Keeping a tidy fridge can help you prevent food waste and find what you need faster.

Knowing how to organize your fridge properly is more important than you might think. Not only will it help you be more aware of what you have stored in there (no more containers of month-old lasagna getting pushed to the back or tossing out slimy bags of half-eaten lettuce), organizing your fridge the right way will keep your groceries fresh longer — which cuts back on waste and saves you money.

Before you even start organizing though, make sure your refrigerator is set to the ideal temperature. Inhye Kang, a refrigerator laboratory engineer at LG, says, "The average temperature in your refrigerator should be 37° Fahrenheit. Any higher and you risk food spoiling faster and having items in the 'temperature danger zone,' where bacteria can thrive. Any colder and you risk foods freezing."

Avoid all those possible traps, and make sure your shelves are prepped and ready for your use. Here's the best way to organize your fridge from top to bottom.

Fridge Organization
Photo: AndreyPopov/Getty Images

Prepared foods and leftovers: Upper shelves

"Leftovers are best kept in the upper shelves. They'll be more visible and will be eaten up faster," Kang says. Jenna Helwig, food director at Allrecipes sister brands Parents and Health, as well as author of the upcoming book, "The Multi-Cooker Baby Food Cookbook," adds, "A good rule of thumb for storing food in the fridge is three days, but some foods keep for less time and others for more. Cooked fish, for example, I don't keep for more than a day or two — not because it's unsafe. It's just less appealing. Some foods, like pasta, soups, and stews, are fine to hang out for four or five days."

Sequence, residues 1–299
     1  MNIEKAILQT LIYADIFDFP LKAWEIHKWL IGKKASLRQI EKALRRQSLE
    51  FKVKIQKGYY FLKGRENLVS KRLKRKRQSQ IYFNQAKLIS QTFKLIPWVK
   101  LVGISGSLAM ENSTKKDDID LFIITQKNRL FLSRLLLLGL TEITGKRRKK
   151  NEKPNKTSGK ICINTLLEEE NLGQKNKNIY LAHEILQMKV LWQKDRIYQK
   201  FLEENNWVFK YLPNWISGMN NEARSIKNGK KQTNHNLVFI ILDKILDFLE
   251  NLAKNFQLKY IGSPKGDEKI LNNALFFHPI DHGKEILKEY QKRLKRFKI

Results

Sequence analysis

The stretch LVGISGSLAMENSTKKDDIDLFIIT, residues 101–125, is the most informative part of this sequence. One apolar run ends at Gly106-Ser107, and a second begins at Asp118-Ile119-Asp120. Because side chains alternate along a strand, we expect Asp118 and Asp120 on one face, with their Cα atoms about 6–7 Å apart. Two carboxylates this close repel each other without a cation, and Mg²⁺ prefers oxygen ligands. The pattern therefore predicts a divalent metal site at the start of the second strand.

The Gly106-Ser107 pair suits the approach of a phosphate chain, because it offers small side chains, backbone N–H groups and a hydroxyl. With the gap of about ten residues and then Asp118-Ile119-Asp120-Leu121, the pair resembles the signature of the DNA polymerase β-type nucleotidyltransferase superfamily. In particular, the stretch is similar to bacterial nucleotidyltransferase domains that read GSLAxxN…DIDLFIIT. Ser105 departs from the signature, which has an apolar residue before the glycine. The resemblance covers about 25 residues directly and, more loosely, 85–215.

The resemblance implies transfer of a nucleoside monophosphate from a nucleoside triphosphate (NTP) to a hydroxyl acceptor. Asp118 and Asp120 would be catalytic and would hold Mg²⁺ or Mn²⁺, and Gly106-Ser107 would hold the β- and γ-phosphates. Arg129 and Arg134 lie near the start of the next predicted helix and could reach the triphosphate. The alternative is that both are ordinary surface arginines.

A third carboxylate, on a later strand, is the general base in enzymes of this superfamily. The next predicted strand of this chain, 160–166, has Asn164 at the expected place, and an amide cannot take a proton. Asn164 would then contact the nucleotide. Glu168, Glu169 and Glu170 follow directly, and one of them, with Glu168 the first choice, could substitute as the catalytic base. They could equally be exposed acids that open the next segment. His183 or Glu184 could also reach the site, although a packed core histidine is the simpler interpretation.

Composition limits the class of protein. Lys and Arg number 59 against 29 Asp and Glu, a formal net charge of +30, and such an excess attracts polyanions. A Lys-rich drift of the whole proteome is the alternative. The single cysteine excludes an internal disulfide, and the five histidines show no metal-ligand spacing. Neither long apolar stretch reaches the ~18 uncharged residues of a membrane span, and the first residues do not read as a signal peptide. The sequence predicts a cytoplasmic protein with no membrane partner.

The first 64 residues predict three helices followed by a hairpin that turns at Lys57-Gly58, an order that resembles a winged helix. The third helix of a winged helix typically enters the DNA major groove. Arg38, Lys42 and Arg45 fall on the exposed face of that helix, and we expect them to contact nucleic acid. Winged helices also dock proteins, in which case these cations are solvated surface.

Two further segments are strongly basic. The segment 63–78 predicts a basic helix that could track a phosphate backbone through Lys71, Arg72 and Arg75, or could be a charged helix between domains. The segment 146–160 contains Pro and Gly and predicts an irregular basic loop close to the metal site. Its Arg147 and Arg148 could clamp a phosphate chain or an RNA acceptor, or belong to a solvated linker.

When in doubt, "use your nose and your taste buds to determine if a food is still good to eat," she says, in addition to recommending the use of air-tight glass storage containers.

Dairy products: Upper shelves or deli drawer

"Dairy or cheese should go in the upper shelves of the refrigerator, but a designated deli drawer is best if available," says Laura Johnson, a consumer research and technical analyst at LG.

Eggs: Middle shelf

"Eggs are best stored in the fridge cavity, not in the door; and store them in their original carton," Johnson says.

Fruits and veggies: Crisper drawer

"It's best to store fruits and vegetables in the drawers designed for them so humidity levels are correct. They'll last longest that way," explains Kang.

"I like to wash lettuce — and other leafy greens or herbs — as soon as I get them home," Helwig adds. "That way, they're ready when I am, and there's no excuse not to eat them," which helps cut back on food waste. "The trick is to wash and dry them very well," she explains. "I store them in a plastic zip-top bag with a paper towel to pick up any excess moisture. Just be sure to get out as much air as possible from the bag."

Meats: Bottom shelf or drawer

"Meats are best stored on the bottom shelf of the refrigerator — or better yet, in one of the drawers — so if any juices drip, they're not contaminating all the items below it," Johnson says. "Typically the lowest part of a refrigerator is the coldest, so meat can be kept colder at the lowest shelf or drawer."

Condiments, sodas, and the like: In the door

"Most people think they should store milk and eggs in the doors. In fact, the doors are the warmest part of the fridge, so perishables really shouldn't be stored there," Kang says. "Instead, keep things like condiments and sodas in the doors."

General rule of thumb for fridge organization

"Overall, it's good practice to store foods that will be cooked on the lower shelves, and foods that won't be cooked (or are already cooked) on upper shelves. Generally, this will help prevent cross-contamination," Kang says.

Johnson adds that following the FIFO rule — First In, First Out — can help: "Always try to put new items behind old items. This will help you cut down on food waste by using up the oldest stuff first," she says.

And while you're at it, be aware of what foods shouldn't be stored in your fridge at all, such as tomatoes, potatoes, onions and garlic, according to Johnson. "They lose flavor when stored under cold temperatures and are best stored in cool, dark, dry spaces."